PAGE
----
Arctic sea-ice simulations suggest ice-free summers before 2050 despite rapidly reduced carbon emissions. Human impact will intensify the risk of cascading climate change consequences still further if emissions aren’t checked.
University of Hamburg researchers have used the increased accuracy afforded by the latest generation of global climate models to predict that the Arctic seas are at risk of becoming ice-free during summer months before 2050. Sooner than previously anticipated.
Currently, the North Pole is covered by sea ice throughout the year. Each summer, the area of the sea ice cover decreases, in winter it grows again. In response to ongoing global warming, the overall area of the Arctic Ocean that is covered by sea ice has rapidly been reduced over the past few decades. This substantially affects the Arctic ecosystem and climate.
A new research study involving 21 research institutes from around the world, coordinated by Dirk Notz from the University of Hamburg, Germany, suggests that during summer months the Arctic Ocean will very likely be ice free before 2050, at least temporally. The efficacy of climate-protection measures will determine how often and for how long. The research paper, Arctic Sea Ice in CMIP6, was published in Geophysical Research Papers.
Results were analysed from 40 different climate models. The simulations used were collected within the Coupled Model Intercomparison Project Phase 6 (CMIP6) and based on so-called SSP Scenarios (shared socio-economic pathways). These models were used to simulate scenarios covering both a rapid reduction of future CO2 emissions and one with largely unchanged future CO2 emissions.
As expected, Arctic sea ice disappeared quickly in summer in these simulations. However, the new study finds that Arctic summer sea ice also disappears occasionally if CO2 emissions are rapidly reduced.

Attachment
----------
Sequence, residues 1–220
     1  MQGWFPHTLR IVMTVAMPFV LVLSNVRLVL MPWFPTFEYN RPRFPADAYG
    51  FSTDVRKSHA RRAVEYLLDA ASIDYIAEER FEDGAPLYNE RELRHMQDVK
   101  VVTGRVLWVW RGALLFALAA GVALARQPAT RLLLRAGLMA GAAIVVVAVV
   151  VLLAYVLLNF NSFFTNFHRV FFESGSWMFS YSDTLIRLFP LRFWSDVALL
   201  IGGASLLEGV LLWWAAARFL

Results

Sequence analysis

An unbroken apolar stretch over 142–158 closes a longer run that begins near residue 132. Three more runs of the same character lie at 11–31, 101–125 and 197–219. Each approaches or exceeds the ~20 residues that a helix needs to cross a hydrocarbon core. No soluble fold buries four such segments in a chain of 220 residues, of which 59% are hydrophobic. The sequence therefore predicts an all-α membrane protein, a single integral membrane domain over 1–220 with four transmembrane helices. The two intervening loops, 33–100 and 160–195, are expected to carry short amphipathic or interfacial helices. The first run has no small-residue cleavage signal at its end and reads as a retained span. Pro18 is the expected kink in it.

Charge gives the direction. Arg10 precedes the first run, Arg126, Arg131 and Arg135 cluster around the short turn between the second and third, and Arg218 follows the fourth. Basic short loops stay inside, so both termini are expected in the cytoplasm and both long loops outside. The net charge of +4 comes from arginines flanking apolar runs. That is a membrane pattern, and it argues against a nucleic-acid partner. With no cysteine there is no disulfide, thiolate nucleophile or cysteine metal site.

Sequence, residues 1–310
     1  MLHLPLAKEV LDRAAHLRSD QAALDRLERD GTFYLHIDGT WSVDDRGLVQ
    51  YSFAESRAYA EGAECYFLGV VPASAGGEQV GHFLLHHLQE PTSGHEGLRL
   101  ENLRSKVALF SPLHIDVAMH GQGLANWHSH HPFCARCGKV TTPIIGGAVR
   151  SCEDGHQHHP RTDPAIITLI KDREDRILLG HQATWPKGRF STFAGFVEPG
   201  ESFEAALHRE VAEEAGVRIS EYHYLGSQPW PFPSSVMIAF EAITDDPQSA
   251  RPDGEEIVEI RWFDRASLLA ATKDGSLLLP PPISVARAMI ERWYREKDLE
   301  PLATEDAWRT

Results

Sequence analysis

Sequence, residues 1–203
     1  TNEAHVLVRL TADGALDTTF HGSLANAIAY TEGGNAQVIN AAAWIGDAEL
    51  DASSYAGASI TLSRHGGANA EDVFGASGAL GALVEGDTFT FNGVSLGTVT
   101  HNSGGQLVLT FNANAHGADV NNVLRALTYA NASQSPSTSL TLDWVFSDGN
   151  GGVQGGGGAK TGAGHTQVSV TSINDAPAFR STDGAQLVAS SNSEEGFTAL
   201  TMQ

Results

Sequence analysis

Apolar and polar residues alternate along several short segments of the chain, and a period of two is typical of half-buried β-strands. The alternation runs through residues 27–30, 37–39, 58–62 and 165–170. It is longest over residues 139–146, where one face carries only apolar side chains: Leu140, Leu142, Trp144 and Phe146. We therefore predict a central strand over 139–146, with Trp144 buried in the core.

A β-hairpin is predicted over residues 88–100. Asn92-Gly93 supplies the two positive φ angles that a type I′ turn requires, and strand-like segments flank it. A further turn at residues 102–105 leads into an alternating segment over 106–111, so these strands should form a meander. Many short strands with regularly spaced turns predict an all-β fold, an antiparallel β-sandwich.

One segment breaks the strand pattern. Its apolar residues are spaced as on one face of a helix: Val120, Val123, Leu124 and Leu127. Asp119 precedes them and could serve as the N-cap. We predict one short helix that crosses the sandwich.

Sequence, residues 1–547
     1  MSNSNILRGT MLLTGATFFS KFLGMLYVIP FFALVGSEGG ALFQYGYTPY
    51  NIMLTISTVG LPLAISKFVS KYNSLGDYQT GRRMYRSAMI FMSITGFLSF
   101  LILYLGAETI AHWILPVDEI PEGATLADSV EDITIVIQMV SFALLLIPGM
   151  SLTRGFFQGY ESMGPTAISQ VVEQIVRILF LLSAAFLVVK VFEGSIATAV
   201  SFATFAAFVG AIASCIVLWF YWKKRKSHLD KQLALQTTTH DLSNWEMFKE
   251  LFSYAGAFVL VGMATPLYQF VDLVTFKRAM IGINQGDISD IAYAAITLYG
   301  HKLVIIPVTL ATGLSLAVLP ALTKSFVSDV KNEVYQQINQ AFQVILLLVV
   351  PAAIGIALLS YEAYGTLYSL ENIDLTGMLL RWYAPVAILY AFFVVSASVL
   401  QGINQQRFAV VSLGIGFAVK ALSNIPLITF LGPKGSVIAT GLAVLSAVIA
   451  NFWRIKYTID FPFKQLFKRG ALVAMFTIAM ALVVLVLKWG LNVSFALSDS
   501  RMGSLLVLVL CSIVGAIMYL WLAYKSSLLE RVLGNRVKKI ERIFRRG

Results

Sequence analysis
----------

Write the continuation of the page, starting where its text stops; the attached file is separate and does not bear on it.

"If we reduce global emissions rapidly and substantially, and thus keep global warming below 2 °C relative to preindustrial levels, Arctic sea ice will nevertheless likely disappear occasionally in summer even before 2050. This really surprised us," said Dirk Notz, who leads the sea-ice research group at University of Hamburg, Germany.
How often the Arctic will lose its sea-ice cover in the future critically depends on future CO2 emissions, the study shows. If emissions are reduced rapidly, ice-free years only occur occasionally. With higher emissions, the Arctic Ocean will become ice free in most years. Hence, humans still have an impact on how often the Arctic loses its year-round sea-ice cover.
A hunting ground and habitat for polar bears and seals, sea-ice also keeps the Arctic cool by reflecting sunlight. Previous research from such institutions as the Yale School of Forestry & Environmental Studies and the University Centre in Svalbard (UNIS) suggest that the loss of sea-ice has significant consequences for the algae bloom and increases sea temperatures, as well as wave and storm activity, breaking up further ice flows and effectively turning Earth's air conditioning unit into a heater.